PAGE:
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Google Glass

Google Glass Is Not For Glassholes

Google Glass is a bold attempt to embrace wearable technology.

It’s the result of an ambitious, but not original, idea from Project X.

With wearable technology comes concerns about privacy, copyright, intellectual property and social norms.

Developing social conventions while wearing Glass (never Glasses) has already led to some over enthusiastic early adopters being labelled Glassholes.

Google Glass Hype

There’s a lot of interest in Google Glass from the event industry. The hype is undeniable but does Glass live up to expectations? And how will it impact events? I took the chance to experience Glass at a recent Guardian Masterclass.

Glass is voice and head movement activated with the odd button press. It’s good for taking photos and video and making simple voice activated searches. Since Glass is hands free and the image is equivalent to an excellent 27″ flat screen, the potential for Augmented Reality becoming useful is huge.

However, the current hardware and software performance is limited. The battery is weak with only an hours use on a single charge. At the moment, Glass won’t help you tackle messages, email, make a call or create content.

But many disruptive technologies, from the first printing press to the web itself, suffered from significant early weaknesses.

Wearable technology is still in nappies. (Seriously, don’t bet against smart diapers.)

Event Glass

How will Google Glass impact events?

1. Facilitator Glass – Glass Head Up Display is the perfect tool to provide feedback to a facilitator or table host. Glass will provide timely audience feedback, content and information. Augmented Reality with facial recognition will identify delegates showing their name and biog along with what they have asked, shared, liked or are interested in. Event journal C&IT Magazine has covered the potential for Glass to ’empower moderators’.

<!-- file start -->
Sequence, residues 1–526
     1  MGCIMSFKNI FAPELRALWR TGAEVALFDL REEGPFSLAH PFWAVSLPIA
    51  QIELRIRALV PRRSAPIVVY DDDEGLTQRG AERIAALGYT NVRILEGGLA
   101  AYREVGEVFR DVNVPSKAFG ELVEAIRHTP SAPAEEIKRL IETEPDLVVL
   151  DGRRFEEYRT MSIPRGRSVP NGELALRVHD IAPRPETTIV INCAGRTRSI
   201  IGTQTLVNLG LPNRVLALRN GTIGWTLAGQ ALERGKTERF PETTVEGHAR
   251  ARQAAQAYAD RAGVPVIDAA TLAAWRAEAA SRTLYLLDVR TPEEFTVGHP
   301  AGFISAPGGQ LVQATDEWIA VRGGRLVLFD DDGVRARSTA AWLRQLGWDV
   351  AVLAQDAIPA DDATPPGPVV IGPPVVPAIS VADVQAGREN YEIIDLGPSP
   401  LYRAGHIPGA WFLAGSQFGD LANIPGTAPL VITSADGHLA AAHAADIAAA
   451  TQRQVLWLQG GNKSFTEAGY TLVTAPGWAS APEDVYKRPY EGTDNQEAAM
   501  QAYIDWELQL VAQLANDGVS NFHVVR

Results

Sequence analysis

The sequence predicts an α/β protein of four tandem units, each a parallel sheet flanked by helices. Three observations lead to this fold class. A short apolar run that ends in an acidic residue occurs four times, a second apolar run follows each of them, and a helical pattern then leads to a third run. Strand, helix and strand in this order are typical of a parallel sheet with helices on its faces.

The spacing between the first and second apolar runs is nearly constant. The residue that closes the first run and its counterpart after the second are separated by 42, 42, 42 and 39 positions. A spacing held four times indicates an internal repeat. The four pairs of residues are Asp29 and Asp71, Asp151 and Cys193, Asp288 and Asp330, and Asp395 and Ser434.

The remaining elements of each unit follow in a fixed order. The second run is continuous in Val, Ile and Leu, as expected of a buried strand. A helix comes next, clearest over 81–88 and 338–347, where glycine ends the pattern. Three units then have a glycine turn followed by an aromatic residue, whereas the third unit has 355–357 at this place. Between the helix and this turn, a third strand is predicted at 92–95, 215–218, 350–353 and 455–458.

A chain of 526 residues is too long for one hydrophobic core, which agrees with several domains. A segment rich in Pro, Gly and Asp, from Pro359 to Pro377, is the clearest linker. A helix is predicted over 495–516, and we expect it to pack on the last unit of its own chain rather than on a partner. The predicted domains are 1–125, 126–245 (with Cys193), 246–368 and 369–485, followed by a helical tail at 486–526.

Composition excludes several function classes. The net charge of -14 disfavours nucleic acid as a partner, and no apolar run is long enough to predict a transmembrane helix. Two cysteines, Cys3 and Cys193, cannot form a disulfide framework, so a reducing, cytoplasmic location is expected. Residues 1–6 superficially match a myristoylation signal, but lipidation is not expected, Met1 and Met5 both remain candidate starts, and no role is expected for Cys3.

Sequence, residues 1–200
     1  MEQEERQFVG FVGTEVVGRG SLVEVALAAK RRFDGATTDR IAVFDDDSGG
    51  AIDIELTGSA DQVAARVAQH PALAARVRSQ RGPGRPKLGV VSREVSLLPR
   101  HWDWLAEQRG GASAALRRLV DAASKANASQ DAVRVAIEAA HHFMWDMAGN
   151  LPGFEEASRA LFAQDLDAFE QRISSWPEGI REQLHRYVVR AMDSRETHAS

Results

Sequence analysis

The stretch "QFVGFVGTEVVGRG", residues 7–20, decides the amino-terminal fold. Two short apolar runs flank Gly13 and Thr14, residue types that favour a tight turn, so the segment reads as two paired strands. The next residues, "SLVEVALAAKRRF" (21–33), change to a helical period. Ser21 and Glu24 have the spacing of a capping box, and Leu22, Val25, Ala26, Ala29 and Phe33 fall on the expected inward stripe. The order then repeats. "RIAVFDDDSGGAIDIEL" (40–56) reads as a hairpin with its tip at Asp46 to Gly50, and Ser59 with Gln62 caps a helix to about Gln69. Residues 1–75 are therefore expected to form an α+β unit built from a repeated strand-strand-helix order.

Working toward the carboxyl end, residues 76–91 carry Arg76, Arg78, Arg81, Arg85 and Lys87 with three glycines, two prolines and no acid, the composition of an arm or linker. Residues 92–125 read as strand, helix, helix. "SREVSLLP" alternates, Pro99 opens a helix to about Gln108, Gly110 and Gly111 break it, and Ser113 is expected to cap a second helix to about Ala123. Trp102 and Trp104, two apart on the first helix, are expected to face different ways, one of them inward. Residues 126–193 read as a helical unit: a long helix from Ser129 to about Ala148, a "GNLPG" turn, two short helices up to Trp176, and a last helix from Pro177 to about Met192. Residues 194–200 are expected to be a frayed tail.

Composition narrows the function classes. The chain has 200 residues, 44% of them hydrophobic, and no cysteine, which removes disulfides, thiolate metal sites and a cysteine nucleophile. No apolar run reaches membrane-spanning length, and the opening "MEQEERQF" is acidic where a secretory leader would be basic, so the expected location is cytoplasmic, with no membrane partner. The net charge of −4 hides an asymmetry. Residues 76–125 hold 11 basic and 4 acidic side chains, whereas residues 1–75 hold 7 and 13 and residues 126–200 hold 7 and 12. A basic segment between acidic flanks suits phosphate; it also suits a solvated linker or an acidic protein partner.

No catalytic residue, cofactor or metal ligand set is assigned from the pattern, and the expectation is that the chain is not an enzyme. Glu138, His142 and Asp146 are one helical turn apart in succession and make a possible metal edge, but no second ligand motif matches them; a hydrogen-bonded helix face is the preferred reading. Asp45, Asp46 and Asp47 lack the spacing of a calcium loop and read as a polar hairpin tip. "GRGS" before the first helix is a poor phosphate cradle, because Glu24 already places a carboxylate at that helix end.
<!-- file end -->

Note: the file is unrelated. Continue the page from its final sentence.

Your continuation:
2. Participant Glass – until the technical limitations of battery life are resolved, I don’t think the delegate experience will be much affected beyond eye catching gimmick.

Longer term, consider the impact on the delegate of a combination of voice activation, augmented reality, facial recognition, indoor location positioning and social media built in to a Glass-like device. There is incredible potential for wearable tech like Glass to transform the delegate experience even further than the iPad.

3. Live Streaming – delegates participating in table activities, breakouts, discussions, Q&As, interviews and will be live streamed to main screen by the Glass camera. Any activity can be streamed or recorded for plenary playback or posterity. Glass will make film directors of all event attendees, enabling delegate generated content.

4. Registration Glass – with the power of facial recognition, welcome desk hosts will use Glass to banish registration queues.

Embrace Wearables

One day, we will all wear technology. Just don’t be a Glasshole!

Read more about Glass at Google and at Wikipedia.